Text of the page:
Impassioned and informative, Dr. Rudolph Leibel captivated a group of congressional staff members who visited his laboratory at the Naomi Berrie Diabetes Center late last month. The professor of pediatrics and medicine and co-director of the center explained how obesity in our young is reaching epidemic proportions, leading to increased cases of type 2 diabetes in children. Bioscience urgently needs to address this problem, he told the assembled group.
His warning of the looming public health burden from obesity-induced childhood diabetes was one of the stops on a tour for 12 congressional staff members who visited the Washington Heights and Morningside Heights Columbia campuses and Harlem Hospital Center as part of Project Medical Education. Run by the Association of American Medical Colleges, the program teaches congressional staff about medical schools, the benefits they provide, and their funding needs.
After being accepted to medical school, the attendees took an oath and received short white coats, which they wore during their March 25 and March 26 visit to simulate being a medical student. They met with Dr. Gerald Fischbach, executive vice president and dean, Dr. Herbert Pardes, president and CEO of New York-Presbyterian Hospital, professors, and medical students to discuss a wide range of issues. Topics included stem cell research, nursing and technician shortages, NIH research budget concerns, the challenges posed by new government regulations on patient privacy, and decreased reimbursement to providers for medical services.
The students got a sense of the extensive curriculum of a medical student and then sampled the educational experience at P&S. They listened to pulses in Harvey, a model that simulates the human circulation system. Dr. Stephan Mayer, associate professor of clinical neurology (in neurological surgery), lectured them in a neurosurgery class on the repair of brain aneurysms. They were exposed to the Health Sciences Library electronic curriculum, which includes images from anatomy, histology, and pathology; study guides; and tests of knowledge of the subjects.
The participants visited the Herbert Irving Comprehensive Cancer Center, a facility dedicated to state-of-the-art cancer research and clinical care; the Audubon Biomedical Science and Technology Park, a technology incubator; and Harlem Hospital Center, where they observed the emergency room and the neonatal intensive care unit.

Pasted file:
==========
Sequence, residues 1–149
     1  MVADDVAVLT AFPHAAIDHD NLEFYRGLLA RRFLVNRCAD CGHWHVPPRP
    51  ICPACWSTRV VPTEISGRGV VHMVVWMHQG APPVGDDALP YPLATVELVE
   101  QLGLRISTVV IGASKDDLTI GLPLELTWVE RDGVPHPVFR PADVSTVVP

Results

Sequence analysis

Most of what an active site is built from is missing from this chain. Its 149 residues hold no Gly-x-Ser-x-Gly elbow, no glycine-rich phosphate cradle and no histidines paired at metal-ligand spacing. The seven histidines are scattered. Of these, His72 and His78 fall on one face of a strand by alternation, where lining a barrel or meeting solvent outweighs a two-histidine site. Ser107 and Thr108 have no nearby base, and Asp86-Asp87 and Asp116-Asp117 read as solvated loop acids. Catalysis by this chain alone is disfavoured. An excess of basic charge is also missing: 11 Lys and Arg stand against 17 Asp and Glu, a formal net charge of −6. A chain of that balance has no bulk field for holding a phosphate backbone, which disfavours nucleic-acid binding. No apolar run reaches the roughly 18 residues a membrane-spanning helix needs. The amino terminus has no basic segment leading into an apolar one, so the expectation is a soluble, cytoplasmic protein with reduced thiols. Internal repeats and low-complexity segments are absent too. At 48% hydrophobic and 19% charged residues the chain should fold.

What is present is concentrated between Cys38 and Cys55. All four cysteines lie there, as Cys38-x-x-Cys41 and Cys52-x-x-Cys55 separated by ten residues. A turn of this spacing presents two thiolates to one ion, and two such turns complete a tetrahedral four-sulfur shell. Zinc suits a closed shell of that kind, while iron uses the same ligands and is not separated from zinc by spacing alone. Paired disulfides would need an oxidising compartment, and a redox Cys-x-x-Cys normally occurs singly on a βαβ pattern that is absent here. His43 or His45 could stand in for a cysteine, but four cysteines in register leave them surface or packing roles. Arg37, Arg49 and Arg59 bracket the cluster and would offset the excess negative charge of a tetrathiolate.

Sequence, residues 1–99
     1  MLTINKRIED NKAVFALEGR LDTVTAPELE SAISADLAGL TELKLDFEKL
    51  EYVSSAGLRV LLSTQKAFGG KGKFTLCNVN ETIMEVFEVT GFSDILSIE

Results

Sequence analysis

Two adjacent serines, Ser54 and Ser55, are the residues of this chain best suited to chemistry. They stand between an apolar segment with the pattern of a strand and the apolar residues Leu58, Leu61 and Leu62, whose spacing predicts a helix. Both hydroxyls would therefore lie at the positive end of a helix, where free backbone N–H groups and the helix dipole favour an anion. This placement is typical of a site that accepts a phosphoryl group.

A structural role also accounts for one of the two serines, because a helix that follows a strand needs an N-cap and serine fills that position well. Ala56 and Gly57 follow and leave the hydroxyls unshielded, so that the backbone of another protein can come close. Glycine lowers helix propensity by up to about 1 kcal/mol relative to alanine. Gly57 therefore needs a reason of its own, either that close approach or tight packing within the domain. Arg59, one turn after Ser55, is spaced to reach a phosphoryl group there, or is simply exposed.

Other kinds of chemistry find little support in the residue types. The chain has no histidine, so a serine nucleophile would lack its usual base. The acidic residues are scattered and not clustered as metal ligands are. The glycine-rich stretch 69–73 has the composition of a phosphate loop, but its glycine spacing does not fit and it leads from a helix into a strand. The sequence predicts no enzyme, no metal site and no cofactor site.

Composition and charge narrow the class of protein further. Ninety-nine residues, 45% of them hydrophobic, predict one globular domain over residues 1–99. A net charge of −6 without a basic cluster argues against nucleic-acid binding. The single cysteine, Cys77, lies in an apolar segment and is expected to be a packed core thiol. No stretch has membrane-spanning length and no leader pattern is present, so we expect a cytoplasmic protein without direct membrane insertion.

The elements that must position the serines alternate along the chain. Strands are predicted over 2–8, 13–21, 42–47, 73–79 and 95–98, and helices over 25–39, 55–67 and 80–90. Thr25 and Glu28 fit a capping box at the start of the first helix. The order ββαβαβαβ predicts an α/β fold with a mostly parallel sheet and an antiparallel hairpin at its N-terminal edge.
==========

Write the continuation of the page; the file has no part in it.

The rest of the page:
The tour of the Audubon Center and talks with officials from Columbias Science and Technology Ventures, the universitys technology transfer office, focused on how the Health Sciences campus contributes to job creation and economic development through start-up companies and technology licensing.
Because the staff members deal with congressional healthcare issues, they were particularly interested in research funding and other financial matters. In the labs, researchers talked about the expense of high-tech equipment needed today, for example, to do genetic research. Dr. Richard Sohn, director of grants and contracts and associate dean for research administration in P&S, told the students about the difficulties young investigators have in getting funding early in their career and the regulatory procedures universities and researchers follow to get federal funding.
Helen Drury, assistant vice president and assistant dean for clinical operations, addressed the devastating effect that planned Medicare physician payment cuts will have on medical schools.
At the end of the whirlwind tour, some of the congressional staff commented on the value of their time at Columbia. This trip gave us the opportunity to meet so that when hospitals and medical students have issues, we [congressional staff] can work on them together, said Joanne Rising, legislative counsel for Rep. Carolyn McCarthy, D-N.Y.
I think it is fair to say that all 12 students found their time at Columbia both interesting and educational, said Ross Frommer, deputy vice president for government and community affairs. I think they also had a lot of fun. Hopefully, they took from this experience a greater appreciation of the many issues facing academic medical centers.